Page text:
Hague prosecutor seeks arrest warrants for Kadafi, his son

The International Criminal Court prosecutor has asked its judges to indict the Libyan leader, his son Seif Islam Kadafi and the chief of military intelligence on charges of crimes against humanity in the crackdown on rebels.

May 16, 2011|By Ned Parker | Los Angeles Times Staff Writer
  • In this April 10 photo, Libyan leader Moammar Kadafi waves at his supporters in Tripoli.
In this April 10 photo, Libyan leader Moammar Kadafi waves at his supporters… (Pier Paolo Cito / Associated…)

Reporting from Baghdad — The International Criminal Court prosecutor at the Hague on Monday requested arrest warrants for Libyan leader Moammar Kadafi, his son Seif Islam Kadafi and his military intelligence chief, accusing them of crimes against humanity.

Prosecutor Luis Moreno-Ocampo announced at the ICC that Kadafi, his son and Abdullah Sanoussi had commanded, planned and carried out attacks on civilians since the Feb. 15 start of demonstrations against Kadafi's regime in Libya. Kadafi's forces used violence against protesters, and the demonstrations quickly turned into an uprising.

"The evidence shows that Moammar Kadafi, personally, ordered attacks on unarmed Libyan civilians. His forces attacked Libyan civilians in their homes and in the public space, shot demonstrators with live ammunition, used heavy weaponry against participants in funeral processions and placed snipers to kill those leaving mosques after the prayers," Moreno-Ocampo said.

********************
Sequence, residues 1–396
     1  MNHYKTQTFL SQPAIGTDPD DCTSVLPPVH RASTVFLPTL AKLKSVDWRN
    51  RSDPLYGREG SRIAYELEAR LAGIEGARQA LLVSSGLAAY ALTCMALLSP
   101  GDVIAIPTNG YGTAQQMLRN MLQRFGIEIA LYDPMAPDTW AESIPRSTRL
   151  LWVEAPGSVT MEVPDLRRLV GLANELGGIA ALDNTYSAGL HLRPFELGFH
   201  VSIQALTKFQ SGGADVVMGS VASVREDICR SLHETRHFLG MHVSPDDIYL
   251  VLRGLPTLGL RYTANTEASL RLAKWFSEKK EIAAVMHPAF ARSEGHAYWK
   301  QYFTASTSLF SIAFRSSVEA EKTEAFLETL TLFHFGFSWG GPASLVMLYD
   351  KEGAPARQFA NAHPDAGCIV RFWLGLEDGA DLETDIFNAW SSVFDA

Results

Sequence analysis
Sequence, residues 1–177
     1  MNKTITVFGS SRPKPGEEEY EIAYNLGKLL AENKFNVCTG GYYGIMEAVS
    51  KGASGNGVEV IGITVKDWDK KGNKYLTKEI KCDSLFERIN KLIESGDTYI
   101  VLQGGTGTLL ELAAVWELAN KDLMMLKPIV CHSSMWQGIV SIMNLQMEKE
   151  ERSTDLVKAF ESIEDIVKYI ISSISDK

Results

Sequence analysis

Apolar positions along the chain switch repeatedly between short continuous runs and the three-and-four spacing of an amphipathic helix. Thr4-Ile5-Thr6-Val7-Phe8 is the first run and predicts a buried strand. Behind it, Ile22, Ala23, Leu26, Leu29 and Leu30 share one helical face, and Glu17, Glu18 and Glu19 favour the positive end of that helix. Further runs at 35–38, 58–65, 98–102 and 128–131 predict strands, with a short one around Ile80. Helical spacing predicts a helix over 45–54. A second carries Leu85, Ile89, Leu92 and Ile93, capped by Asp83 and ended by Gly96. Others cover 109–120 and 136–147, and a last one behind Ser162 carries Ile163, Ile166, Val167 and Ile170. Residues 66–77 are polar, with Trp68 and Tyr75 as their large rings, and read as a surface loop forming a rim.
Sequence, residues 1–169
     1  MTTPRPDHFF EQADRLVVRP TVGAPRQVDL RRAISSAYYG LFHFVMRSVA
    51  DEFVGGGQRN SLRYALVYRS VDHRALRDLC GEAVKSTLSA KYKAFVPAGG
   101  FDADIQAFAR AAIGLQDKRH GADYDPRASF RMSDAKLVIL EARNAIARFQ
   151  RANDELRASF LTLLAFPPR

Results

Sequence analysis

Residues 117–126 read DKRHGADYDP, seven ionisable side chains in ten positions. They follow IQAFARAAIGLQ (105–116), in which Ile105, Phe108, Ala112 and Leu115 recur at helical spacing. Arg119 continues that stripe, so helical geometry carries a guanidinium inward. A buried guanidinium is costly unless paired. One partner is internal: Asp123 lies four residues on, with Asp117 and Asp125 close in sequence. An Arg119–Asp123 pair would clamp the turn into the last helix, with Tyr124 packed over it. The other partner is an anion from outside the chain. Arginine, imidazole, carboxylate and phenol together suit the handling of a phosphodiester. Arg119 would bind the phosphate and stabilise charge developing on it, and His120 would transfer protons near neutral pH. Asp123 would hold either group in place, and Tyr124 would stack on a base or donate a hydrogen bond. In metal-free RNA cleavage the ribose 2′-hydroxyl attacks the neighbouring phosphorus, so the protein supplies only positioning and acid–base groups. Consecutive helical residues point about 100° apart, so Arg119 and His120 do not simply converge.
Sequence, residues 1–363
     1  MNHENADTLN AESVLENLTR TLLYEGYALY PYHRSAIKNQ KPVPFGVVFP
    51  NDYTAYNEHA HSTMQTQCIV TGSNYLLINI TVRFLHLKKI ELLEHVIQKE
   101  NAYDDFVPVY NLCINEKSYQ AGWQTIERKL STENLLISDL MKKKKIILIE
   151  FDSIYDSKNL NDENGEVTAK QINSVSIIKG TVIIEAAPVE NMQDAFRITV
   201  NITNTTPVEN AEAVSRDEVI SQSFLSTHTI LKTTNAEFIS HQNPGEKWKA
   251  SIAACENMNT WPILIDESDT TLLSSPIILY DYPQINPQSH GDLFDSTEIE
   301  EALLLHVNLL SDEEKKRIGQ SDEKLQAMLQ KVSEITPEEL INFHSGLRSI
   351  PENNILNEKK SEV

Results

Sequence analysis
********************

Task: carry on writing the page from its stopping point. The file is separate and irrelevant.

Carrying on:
"The evidence shows that such persecution is still ongoing, as I speak today, in the areas under Kadafi control. Kadafi's forces prepare lists with names of alleged dissidents. They are being arrested, put into prisons in Tripoli, tortured and made to disappear."

Judges at the ICC will now have to evaluate the evidence submitted by Moreno-Ocampo and decide whether to issue the arrest warrants. But the announcement upped the ante in the standoff between Libya and NATO states now conducting an aerial campaign to protect civilians. The pursuit of an arrest warrant against Kadafi and his son Seif, whom the West once hoped might reform the regime, could make it virtually impossible to make a graceful exit from the stage. Libya, like the United States, is not an ICC member.

The ICC prosecutor was unsparing in his language, calling Kadafi's actions "crimes against humanity."

The prosecutor said his office had gathered "direct evidence" against Kadafi and said his son Seif Islam had acted as his father's "de facto prime minister." He branded Sanoussi, Kadafi's brother-in-law, as the Libyan leader's "right-hand man" and said that Sanoussi "personally commanded some attacks."

"The office documented how the three held meetings to plan and direct the operations," the prosecutor said. "The case is now before the judges. They can accept the request, reject it or ask for more evidence."

The ICC prosecutor was authorized by the U.N. Security Council 2 1/2 months ago to investigate Kadafi. On Sunday, Moreno-Ocampo said his team had been in touch with senior Libyan officials in the last week who were willing to provide information.

Libyan officials have insisted that they are fighting to defend their country against Al Qaeda extremists and criminals and are now the victims of a colonial-style plot against them.

In rebel-held Misurata, a besieged coastal area in western Libya, people welcomed the news. "I believe it's the first step on the true path to justice and freedom," said Abdsalam Abdullah, a member of the local governing council.

A doctor in Misurata, Aiman Abu Shama, was joyful. "Kadafi has no power," the doctor said. "His end is coming soon."

Parker was recently on assignment in Libya.

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